Pa. Corrections officials recommend shuttering state prison in Luzerne County. But Gov. Tom Wolf will have the final word

By: - January 15, 2020 5:24 pm

Gov. Tom Wolf (Commonwealth Media Services photo)

After hearing hours of public input and reviewing dozens of pages of written concerns, state Corrections officials have recommended moving ahead with plans to close a state prison in rural northeastern Pennsylvania.

The Pennsylvania Department of Corrections announced its final recommendation to shutter SCI-Retreat, a 1,200-bed correctional facility in Luzerne County, in a 600-page report it submitted to Gov. Tom Wolf on Wednesday.

Wolf’s is expected to hand down his final decision on the planned closing “in the near future,” corrections spokeswoman Susan McNaughton said in an email Wednesday afternoon. 

The report comes five months after state officials announced they wanted to shut down the prison, which mainly houses low- and medium-security offenders.

That announcement in August 2019 triggered a lengthy review process, which required the department to justify the shutdown after studying its potential social and economic impacts. The review included a public hearing in Luzerne County, meetings with locally elected officials, and two town hall forums with prison staff. 

But local officials and prison staff have maintained all along that the Corrections department would not let itself be swayed by local residents, who said the prison was integral to their rural economy.

Closing the prison would affect roughly 890 jobs in the region, according to state estimates included in the report. 

“This process has been a sham from the beginning — and it’s a dangerous one because it puts money over public safety,” Larry Blackwell, president of the Pennsylvania State Corrections Officer Association, said in an emailed statement Wednesday.

Acrimony towards the Corrections department reached a fever pitch in October, when Corrections Secretary John Wetzel made remarks at a public hearing in Luzerne County suggesting that the prison closure was inevitable.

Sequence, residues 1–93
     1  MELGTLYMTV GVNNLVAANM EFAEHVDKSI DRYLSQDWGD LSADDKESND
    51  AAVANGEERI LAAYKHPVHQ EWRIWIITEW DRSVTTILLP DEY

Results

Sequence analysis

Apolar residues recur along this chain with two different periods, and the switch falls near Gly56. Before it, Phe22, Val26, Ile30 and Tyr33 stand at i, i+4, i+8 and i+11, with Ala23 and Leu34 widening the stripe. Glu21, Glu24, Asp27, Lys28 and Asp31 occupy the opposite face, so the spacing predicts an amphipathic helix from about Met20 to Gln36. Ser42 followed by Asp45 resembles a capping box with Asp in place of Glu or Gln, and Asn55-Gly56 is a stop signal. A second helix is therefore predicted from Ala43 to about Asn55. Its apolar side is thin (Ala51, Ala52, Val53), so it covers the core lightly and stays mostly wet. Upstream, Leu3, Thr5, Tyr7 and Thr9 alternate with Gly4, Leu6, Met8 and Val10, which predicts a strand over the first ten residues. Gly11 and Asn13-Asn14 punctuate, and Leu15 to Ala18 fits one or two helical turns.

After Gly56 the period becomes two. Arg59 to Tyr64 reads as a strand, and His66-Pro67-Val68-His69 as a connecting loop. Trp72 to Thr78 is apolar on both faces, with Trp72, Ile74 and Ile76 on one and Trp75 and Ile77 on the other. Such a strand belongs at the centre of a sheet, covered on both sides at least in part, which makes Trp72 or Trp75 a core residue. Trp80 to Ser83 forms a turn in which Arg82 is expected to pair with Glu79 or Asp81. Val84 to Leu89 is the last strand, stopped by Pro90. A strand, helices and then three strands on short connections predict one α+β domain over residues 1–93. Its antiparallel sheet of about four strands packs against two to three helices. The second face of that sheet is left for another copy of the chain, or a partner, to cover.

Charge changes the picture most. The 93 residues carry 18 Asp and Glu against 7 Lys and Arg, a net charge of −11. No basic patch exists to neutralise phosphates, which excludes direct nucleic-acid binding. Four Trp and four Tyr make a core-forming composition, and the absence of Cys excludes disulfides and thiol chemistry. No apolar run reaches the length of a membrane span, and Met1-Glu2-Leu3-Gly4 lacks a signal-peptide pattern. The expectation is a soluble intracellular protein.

Wetzel’s comments, which included profanity, were caught on a recording of the meeting that the Corrections department posted to its website. 

The criticism that ensued led Wolf to remove Wetzel from the decision-making panel.

But a group of state senators who represent areas near the prison said Wednesday that Wetzel’s ouster did little to restore their faith in the review. 

In a joint statement, Sens. John Gordner, R-Columbia; Lisa Baker, R-Luzerne, and John Yudichak, I-Luzerne, said the Corrections Department “clearly gave less than a good faith effort during the hearing process, and we do not believe it was fair to the workers of SCI Retreat, their families or the communities of Luzerne County.” 

If Wolf green-lights the prison closure, the 955 people currently incarcerated at Retreat will be transferred to other state corrections facilities. 

Corrections staff will assign transfers based on inmates’ individual security designations, as well as their educational and medical and mental health needs, according to the report. 

The 397 union-represented employees at the facility will be guaranteed state jobs within 65 miles of Retreat, with the option of taking assignments anywhere in the Commonwealth. 

Throughout the review, corrections officials have maintained that closing the aging prison facility is the best way to plug a $140 million budget gap.

Transferring the prison’s 955 inmates to other state facilities could save the Corrections department $20 million this year and $40 million next year, according to an Aug. 29 memo from Amy Schwenk, Wetzel’s Chief of Staff, that was included in the report. 

Officials also say the shutdown will not jeopardize public safety, since Pennsylvania’s crime rate and prison populations have been in decline for almost a decade.

The state has reduced its prison population by 5,300 people since 2012, and anticipates another 1,900-person reduction in the new fiscal year, which begins on July 1.

As of Dec. 31, state corrections facilities incarcerated a total of 47,590 people, according to a monthly population report.

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Elizabeth Hardison
Elizabeth Hardison

Elizabeth Hardison covered education policy, election administration, criminal justice and legislative news for the Capital-Star from Jan. 2019-April 2021. You can find her on Twitter @ElizHardison.